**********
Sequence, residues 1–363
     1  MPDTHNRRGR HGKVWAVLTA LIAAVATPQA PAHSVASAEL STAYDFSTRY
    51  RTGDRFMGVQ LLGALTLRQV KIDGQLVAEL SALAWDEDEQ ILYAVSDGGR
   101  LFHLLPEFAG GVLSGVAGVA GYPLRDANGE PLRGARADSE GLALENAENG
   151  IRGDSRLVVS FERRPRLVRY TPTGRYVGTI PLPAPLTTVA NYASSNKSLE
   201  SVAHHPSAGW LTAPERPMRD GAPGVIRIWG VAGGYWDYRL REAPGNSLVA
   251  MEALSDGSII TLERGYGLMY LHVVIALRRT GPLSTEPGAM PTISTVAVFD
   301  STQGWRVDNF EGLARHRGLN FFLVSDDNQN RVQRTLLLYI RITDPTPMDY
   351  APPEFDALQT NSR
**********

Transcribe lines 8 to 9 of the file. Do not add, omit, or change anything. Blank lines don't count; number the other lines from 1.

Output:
   301  STQGWRVDNF EGLARHRGLN FFLVSDDNQN RVQRTLLLYI RITDPTPMDY
   351  APPEFDALQT NSR